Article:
June 2012


Conservatives on the Obamacare Mandate: It Was Wrong Then, Wrong Now

The Side That Watches More News Wins More Elections

Rape “Not Just a Girl Thing” Says Writer

Asians Now America’s #1 Immigrant Group

Is the New York Times Cheerleading for Gay Marriage?

People More Optimistic About Local Economy Than Nation’s, Globe’s

Dads Are Only Worth $20,248 Per Year Around the House 

Air Rage Literally on the Rise

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I relayed that claim from Greg Cochran a while back, but inspired by this Half Sigma post I decided to present the actual numbers from the GSS.

Row: CHILDS

Column: WORDSUM

Control: SEX

Summary Statistics for SEX = 1(MALE)
Eta* = .06 Gamma = -.02 Rao-Scott-P: F(80,38080) = 2.10 (p= 0.00)
R = -.04 Tau-b = -.01 Rao-Scott-LR: F(80,38080) = 2.02 (p= 0.00)
Somers’ d* = -.01 Tau-c = -.01 Chisq-P(80) = 213.72
Chisq-LR(80) = 206.45
*Row variable treated as the dependent variable.
Summary Statistics for SEX = 2(FEMALE)
Eta* = .12 Gamma = -.08 Rao-Scott-P: F(80,38080) = 4.34 (p= 0.00)
R = -.11 Tau-b = -.06 Rao-Scott-LR: F(80,38080) = 3.85 (p= 0.00)
Somers’ d* = -.06 Tau-c = -.06 Chisq-P(80) = 485.56
Chisq-LR(80) = 430.81
*Row variable treated as the dependent variable.
Summary Statistics for all valid cases
Eta* = .08 Gamma = -.05 Rao-Scott-P: F(80,38080) = 4.70 (p= 0.00)
R = -.08 Tau-b = -.04 Rao-Scott-LR: F(80,38080) = 4.33 (p= 0.00)
Somers’ d* = -.04 Tau-c = -.04 Chisq-P(80) = 522.38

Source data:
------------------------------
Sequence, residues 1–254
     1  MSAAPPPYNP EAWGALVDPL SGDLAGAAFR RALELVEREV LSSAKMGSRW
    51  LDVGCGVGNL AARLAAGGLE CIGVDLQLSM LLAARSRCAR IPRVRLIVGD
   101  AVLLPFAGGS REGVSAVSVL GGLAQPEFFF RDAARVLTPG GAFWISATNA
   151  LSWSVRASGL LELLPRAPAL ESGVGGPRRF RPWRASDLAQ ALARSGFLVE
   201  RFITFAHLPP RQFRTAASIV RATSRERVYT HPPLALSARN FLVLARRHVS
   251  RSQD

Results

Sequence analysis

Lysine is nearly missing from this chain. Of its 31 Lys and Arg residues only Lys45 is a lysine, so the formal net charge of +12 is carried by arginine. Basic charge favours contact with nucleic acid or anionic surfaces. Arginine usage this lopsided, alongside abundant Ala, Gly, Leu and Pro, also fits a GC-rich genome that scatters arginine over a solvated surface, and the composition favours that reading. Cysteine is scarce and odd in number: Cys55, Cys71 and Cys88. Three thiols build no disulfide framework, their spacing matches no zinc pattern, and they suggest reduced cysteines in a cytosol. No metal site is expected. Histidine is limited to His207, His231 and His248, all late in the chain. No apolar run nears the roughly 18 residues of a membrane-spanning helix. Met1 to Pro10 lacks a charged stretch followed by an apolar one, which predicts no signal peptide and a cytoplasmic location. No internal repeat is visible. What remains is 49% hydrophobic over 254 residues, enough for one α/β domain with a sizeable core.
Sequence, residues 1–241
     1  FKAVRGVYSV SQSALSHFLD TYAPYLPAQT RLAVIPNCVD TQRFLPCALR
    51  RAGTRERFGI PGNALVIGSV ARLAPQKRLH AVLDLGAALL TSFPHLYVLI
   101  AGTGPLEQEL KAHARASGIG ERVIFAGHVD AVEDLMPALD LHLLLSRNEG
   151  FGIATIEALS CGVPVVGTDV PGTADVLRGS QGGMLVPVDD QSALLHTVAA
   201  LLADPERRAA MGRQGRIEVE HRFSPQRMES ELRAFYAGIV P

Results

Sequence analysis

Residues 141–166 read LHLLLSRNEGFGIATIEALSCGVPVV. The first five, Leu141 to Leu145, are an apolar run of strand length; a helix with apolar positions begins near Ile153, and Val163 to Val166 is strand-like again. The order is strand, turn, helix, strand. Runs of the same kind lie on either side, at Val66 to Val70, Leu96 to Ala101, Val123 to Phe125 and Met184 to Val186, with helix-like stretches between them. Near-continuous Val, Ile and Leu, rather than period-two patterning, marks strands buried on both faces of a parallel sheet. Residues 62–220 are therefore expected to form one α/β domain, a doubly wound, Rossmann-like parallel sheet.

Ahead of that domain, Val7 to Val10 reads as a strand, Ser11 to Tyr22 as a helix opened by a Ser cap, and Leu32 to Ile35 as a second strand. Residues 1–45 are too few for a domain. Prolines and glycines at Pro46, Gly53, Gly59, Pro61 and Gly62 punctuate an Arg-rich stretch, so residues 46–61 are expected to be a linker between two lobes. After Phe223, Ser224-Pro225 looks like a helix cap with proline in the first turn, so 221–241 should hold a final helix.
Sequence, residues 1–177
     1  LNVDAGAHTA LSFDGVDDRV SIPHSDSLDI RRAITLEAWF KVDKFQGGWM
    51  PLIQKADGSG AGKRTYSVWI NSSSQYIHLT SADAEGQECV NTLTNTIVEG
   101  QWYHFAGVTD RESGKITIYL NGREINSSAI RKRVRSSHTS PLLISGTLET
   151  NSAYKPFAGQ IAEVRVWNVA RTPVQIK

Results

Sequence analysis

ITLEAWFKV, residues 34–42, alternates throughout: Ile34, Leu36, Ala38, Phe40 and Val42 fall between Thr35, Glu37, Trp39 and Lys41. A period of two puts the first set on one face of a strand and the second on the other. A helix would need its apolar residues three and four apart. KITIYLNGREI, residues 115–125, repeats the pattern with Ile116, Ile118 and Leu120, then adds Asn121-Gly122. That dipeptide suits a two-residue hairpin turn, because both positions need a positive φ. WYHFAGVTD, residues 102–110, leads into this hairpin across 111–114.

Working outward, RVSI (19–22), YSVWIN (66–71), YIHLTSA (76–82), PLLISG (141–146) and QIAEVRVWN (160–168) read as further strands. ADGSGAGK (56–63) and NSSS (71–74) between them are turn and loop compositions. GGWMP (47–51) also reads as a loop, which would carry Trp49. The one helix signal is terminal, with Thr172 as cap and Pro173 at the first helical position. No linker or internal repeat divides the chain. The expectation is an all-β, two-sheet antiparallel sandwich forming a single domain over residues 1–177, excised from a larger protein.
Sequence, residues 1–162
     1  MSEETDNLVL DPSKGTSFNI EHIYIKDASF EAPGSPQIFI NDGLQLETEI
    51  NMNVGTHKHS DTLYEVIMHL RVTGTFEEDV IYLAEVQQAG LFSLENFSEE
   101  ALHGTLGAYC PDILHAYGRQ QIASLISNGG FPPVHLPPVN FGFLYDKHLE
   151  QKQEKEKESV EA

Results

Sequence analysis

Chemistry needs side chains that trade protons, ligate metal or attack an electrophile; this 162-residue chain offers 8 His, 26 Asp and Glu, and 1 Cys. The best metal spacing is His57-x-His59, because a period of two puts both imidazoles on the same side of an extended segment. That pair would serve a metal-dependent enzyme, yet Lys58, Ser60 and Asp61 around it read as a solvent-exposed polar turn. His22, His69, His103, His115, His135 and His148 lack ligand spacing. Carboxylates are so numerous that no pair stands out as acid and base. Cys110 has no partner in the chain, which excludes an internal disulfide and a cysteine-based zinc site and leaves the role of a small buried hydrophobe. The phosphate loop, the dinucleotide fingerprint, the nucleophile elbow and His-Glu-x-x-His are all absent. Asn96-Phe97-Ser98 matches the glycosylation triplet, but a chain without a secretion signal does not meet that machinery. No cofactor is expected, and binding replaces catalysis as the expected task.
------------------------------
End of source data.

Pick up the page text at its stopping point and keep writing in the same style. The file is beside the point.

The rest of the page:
Chisq-LR(80) = 481.45
*Row variable treated as the dependent variable.

I’ve come across that “Firepower” character in the comments section at Overcoming Bias, there as well he seemed quite sure of himself in the absence of supporting evidence. (more…)

When I read at the “Why Nations Fail Blog” that “the very high incarceration rates for African-Americans is a uniquely American failure” I sent them an email citing Julius Uzoaba’s comparison of Canada, Australia the U.S and U.K. Acemoglu responded shortly afterward, saying they would follow up next week, and now they have. I would quibble with some of their points. They emphasize that the U.S is a democracy and say Prohibition was ended once people started  believing it caused more crime than it prevented and mobilized against it. According to Daniel Okrent, a major motivation was tax revenue, which it provided a lot of in the days of low/no income taxes and was sorely needed during the Great Depression. There’s just not going to be as much money in legalizing drugs, and the government doesn’t need it as much. Additionally, U.S complacency over the War on Drugs is contrasted with calls from legalization in Latin America, but I would emphasize that the most notable statesmen calling for legalization/decriminalization (which wouldn’t do much, the folks in prison are generally dealers rather than petty users) are EX-officials rather than the folks currently in office.

The title of his post was “Who supports the US penal system”, but the major policy discussed is the war on drugs. I examined support for legalizing marijuana here, surprisingly enough blacks were slightly less in favor of ending a policy which disproportionately incarcerates their cohort. It was a pretty small difference, but I would have expected a larger gap in the opposite direction.

*I guess some James Robinson character is his co-author, but I’d never heard of him before, plus his name comes last alphabetically.